DC Restaurant Turns Rapidly Rising Speed Camera Tickets Into Free Meals

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Steve Birr Vice Reporter
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Washington, D.C., is issuing over half a million speed camera tickets a year, but a restaurant owner is turning the bureaucratic nightmare into discounts and free meals for frustrated drivers.

Michael Sterling, owner of the restaurant Caribbean Citations in southeast D.C., offers diners with a speed camera ticket a price discount on each menu item. They also get a raffle ticket to enter a chance to have Sterling pay for their entire parking ticket.

D.C. issued 520,000 speed camera tickets last year, netting more than $55 million for the government. The city has already issued more than 365,000 tickets in the first six months of 2016, reports NBC Washington.

Revenues from speed cameras in 2016 total more than $37 million.

“When I met Micheal Sterling, I immediately noticed his passion for cooking quality Jamaican food as well as ending Washington D.C.’s obsession with traffic revenue,” Kevon Paynter, a masters student at Georgetown University studying journalism, told The Daily Caller News Foundation. “I can’t help but think, Washington D.C.’s traffic and parking enforcement aren’t about safety; it’s about revenue for the city.”

Paynter, frustrated with the rapidly rising number of speed cameras in the city, sought out Sterling and his restaurant to see how Caribbean Citations was turning the growing amount of tickets into a boon for business. Paynter also revealed the staggering rate of tickets issued in a documentary highlighting Sterling’s restaurant.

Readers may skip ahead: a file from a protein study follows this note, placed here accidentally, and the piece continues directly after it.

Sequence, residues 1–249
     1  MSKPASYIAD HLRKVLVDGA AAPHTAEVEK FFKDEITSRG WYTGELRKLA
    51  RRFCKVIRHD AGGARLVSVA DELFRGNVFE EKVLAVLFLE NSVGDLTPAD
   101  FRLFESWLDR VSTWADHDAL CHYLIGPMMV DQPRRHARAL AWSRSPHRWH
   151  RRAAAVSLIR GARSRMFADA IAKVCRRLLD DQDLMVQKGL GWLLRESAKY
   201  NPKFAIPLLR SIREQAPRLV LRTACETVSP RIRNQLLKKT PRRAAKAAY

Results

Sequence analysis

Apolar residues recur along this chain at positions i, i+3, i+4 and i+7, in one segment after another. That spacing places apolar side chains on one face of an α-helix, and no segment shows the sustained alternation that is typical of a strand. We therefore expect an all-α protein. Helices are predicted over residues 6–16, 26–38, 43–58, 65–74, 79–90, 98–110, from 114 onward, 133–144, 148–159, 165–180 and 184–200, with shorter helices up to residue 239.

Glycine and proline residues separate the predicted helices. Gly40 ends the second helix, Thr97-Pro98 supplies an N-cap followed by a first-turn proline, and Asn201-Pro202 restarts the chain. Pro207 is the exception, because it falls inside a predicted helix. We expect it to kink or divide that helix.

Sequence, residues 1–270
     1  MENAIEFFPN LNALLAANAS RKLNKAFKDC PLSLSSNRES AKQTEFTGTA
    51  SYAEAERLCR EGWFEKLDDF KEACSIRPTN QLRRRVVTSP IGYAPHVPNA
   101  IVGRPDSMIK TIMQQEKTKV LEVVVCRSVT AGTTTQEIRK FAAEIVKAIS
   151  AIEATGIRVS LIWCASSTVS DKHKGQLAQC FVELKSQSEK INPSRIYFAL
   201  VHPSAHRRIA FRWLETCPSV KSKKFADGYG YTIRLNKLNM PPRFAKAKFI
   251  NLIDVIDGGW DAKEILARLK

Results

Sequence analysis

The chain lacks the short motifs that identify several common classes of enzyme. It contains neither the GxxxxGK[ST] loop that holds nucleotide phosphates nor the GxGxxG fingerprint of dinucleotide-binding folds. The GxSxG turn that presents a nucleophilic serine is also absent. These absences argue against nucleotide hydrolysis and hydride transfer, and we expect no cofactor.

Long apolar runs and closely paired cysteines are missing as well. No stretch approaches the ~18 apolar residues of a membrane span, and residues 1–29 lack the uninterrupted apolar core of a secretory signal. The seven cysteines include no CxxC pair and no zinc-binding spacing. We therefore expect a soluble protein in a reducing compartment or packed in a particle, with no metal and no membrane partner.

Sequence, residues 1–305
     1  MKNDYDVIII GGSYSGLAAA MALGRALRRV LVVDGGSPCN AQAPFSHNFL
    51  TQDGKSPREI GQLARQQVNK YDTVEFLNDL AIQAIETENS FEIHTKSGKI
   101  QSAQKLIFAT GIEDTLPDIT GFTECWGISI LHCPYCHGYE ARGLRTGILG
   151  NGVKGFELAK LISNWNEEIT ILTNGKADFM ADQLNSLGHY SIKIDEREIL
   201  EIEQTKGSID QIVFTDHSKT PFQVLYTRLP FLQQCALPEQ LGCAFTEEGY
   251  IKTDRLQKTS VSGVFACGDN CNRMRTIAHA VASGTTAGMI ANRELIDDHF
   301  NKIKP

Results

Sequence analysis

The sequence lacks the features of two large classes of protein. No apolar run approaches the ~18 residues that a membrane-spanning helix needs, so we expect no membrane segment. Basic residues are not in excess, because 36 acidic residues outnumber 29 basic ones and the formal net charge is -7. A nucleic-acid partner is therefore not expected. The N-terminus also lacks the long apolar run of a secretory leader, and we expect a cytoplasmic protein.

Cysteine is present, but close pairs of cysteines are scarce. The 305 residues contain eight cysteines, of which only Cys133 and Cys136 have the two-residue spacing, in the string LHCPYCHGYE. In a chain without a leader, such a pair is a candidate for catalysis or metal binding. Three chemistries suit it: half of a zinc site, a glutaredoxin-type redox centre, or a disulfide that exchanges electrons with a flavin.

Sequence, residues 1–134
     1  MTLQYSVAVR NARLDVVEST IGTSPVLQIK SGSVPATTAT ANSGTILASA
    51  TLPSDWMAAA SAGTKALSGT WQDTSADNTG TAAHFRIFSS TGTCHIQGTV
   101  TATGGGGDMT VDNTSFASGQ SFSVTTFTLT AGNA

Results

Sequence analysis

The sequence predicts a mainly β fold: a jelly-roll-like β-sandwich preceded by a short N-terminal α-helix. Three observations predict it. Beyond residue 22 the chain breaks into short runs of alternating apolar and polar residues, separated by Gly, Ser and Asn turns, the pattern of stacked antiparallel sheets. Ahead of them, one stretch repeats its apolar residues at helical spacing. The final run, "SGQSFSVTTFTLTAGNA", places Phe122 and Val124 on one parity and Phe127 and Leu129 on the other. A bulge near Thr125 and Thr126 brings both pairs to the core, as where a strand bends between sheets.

There are more speed cameras in the Washington metropolitan region than anywhere else in the country, despite a significantly smaller population than many major U.S. cities. The Metropolitan Police Department outlines fines for violations ranging as high as $300. (RELATED: DC Has More Traffic Cameras Than Any Other American City)

“The District levies fines for tickets costing $35-$300 which are increased to double the amount in 30 days if you fail to pay,” Paynter explains. “That discount on great Jamaican food successfully takes some of the initial sting out of receiving a speed camera or parking ticket.”

The District is joined by only two other states that have written laws explicitly allowing the use of speed cameras. Many states across the country have banned the use altogether or heavily restricted the practice. Officials in the District defend the practice and claim it has reduced traffic fatalities throughout the region.

Officials say they will consider reducing some speed limits and raising others to better account for differing traffic congestion in the region.

“All across the city speed limits are set too low,” Paynter told TheDCNF.

Officials with AAA vehicle service note the extreme number of cameras around the city and the stark cost differential when compared to neighboring states.

“The ticket prices are quadruple the ticket price in Maryland, and people don’t understand that,” John Townsend, AAA Mid-Atlantic spokesman, told NBC4. “Obey the speed limit, slow down – and there’s a harsh penalty if you don’t.”

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